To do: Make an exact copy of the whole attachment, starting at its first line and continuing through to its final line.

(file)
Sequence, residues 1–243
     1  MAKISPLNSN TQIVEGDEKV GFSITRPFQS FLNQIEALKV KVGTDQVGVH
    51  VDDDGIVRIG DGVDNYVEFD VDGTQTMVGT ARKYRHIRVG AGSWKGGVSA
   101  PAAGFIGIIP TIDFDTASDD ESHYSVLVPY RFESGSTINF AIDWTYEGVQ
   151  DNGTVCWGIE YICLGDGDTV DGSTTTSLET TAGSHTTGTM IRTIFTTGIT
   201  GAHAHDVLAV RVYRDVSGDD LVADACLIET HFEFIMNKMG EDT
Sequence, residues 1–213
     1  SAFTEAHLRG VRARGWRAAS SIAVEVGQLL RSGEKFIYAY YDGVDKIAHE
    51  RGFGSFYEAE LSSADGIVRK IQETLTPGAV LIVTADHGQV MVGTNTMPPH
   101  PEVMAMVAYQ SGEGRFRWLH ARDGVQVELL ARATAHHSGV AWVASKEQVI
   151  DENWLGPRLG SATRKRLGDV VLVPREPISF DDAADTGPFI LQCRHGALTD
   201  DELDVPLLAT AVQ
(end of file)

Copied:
Sequence, residues 1–243
     1  MAKISPLNSN TQIVEGDEKV GFSITRPFQS FLNQIEALKV KVGTDQVGVH
    51  VDDDGIVRIG DGVDNYVEFD VDGTQTMVGT ARKYRHIRVG AGSWKGGVSA
   101  PAAGFIGIIP TIDFDTASDD ESHYSVLVPY RFESGSTINF AIDWTYEGVQ
   151  DNGTVCWGIE YICLGDGDTV DGSTTTSLET TAGSHTTGTM IRTIFTTGIT
   201  GAHAHDVLAV RVYRDVSGDD LVADACLIET HFEFIMNKMG EDT
Sequence, residues 1–213
     1  SAFTEAHLRG VRARGWRAAS SIAVEVGQLL RSGEKFIYAY YDGVDKIAHE
    51  RGFGSFYEAE LSSADGIVRK IQETLTPGAV LIVTADHGQV MVGTNTMPPH
   101  PEVMAMVAYQ SGEGRFRWLH ARDGVQVELL ARATAHHSGV AWVASKEQVI
   151  DENWLGPRLG SATRKRLGDV VLVPREPISF DDAADTGPFI LQCRHGALTD
   201  DELDVPLLAT AVQ